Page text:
In a conversation with The New York Times’s Peter Baker at the Aspen Security Forum this week, former Secretary of State Condoleezza Rice said that the left has a certain amount of entitlement and arrogance when it comes to black people. Rice said that the goal for every American should be a country where people are judged on factors that have nothing to do with their skin color.
“I don’t really care if we’re colorblind, but I would like to get to the place that when you see somebody who is black, you don’t have preconceived notions of what they’re capable of, who they are — by the way, what they think, which is I think a problem of the left,” Rice said. “You look at somebody who’s black and you think you know what they think, or you at least think you know what they ought to think.”
Rice said that she did not deny the reality of systemic racism, but she said that the left’s proposed solutions were typically not viable ways to move past it.
“I am not one who believes you can just sort of ‘take on systemic racism,’ I don’t even know how to start,” Rice said. “I do think you can take on the impact of an educational system for minority kids that leaves most of them behind. I think you can take that on. But people might not like my answer. My answer is: Let’s do school choice in a big way.”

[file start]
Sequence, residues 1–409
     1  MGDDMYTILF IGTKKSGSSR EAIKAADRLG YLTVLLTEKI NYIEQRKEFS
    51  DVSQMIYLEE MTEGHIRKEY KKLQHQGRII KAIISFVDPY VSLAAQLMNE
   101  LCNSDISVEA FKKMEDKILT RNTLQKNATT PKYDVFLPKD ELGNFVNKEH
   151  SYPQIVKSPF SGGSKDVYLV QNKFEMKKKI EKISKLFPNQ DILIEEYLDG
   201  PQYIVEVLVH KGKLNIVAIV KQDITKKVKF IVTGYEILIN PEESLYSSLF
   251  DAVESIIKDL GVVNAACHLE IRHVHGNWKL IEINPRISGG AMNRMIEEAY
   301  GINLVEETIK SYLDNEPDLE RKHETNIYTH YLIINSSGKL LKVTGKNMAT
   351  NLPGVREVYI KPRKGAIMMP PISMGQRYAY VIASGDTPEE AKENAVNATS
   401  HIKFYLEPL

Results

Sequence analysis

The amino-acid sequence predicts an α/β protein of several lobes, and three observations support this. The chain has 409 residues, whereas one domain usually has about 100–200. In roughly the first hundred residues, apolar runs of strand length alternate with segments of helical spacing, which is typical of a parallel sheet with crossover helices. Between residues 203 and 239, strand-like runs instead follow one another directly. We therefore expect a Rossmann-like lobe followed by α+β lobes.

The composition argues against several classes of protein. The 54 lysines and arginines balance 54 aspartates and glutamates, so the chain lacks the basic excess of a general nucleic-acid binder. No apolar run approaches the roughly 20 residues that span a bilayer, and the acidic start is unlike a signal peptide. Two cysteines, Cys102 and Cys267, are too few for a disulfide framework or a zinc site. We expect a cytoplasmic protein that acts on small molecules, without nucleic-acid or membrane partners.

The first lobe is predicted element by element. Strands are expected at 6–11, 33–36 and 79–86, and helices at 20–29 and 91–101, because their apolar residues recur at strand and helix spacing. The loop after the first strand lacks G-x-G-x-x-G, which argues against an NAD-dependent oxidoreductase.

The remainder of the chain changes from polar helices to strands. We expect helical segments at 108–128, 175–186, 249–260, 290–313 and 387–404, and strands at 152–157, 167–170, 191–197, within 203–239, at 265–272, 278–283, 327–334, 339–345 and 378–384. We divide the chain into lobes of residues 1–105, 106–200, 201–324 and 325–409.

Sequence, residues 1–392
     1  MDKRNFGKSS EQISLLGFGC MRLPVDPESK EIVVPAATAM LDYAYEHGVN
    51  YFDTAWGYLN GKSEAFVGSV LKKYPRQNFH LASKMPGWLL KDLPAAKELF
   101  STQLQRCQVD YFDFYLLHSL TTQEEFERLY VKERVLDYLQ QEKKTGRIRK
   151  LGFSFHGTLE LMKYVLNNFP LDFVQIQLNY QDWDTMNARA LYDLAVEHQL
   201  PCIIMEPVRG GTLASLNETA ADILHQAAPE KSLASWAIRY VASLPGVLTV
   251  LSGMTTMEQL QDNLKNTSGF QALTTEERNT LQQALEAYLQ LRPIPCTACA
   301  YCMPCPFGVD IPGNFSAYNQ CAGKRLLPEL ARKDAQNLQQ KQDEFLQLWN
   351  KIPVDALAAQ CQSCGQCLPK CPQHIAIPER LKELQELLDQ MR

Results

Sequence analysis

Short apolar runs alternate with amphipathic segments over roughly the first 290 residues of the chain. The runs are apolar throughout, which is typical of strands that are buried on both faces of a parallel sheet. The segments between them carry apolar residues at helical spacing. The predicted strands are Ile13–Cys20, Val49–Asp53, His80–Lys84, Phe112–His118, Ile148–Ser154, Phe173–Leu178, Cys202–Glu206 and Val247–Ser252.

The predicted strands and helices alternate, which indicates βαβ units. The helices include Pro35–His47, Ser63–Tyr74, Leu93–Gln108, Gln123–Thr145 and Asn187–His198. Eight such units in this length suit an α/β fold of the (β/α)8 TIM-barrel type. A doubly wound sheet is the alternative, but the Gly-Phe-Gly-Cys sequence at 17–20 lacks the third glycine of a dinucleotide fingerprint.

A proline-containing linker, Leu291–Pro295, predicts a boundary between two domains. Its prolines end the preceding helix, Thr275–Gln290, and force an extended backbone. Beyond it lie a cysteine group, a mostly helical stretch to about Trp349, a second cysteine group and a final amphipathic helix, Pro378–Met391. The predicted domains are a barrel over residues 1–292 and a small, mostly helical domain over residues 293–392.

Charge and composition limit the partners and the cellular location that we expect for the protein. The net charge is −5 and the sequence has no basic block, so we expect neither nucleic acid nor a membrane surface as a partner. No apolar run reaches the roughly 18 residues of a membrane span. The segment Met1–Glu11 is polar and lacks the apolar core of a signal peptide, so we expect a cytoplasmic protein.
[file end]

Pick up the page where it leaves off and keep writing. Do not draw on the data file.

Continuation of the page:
Rice went on to criticize the left’s cancel culture, saying there was a difference between tackling actual issues of racism and things that were of important historical value.
“I actually don’t know why anybody wants to defend the Confederacy and Confederate monuments,” Rice said. “I also don’t know why anybody wants to tear down a statue of Abraham Lincoln and slaves, which was actually funded by freed slaves. So this has gotten a little out of control, frankly, and I don’t want to be the Soviet Union where we’re trying to erase history.”
It’s hard to calculate how much better off this country would be if we had people like Condoleezza Rice (and Ben Carson…and Clarence Thomas…and Thomas Sowell) at the forefront of the black community instead of people like Al Sharpton and Ibram X. Kendi. People who preach a message of individual responsibility, belief in one’s self, and overcoming the odds through hard work, determination, and courage. The “blame the white man” game serves no one.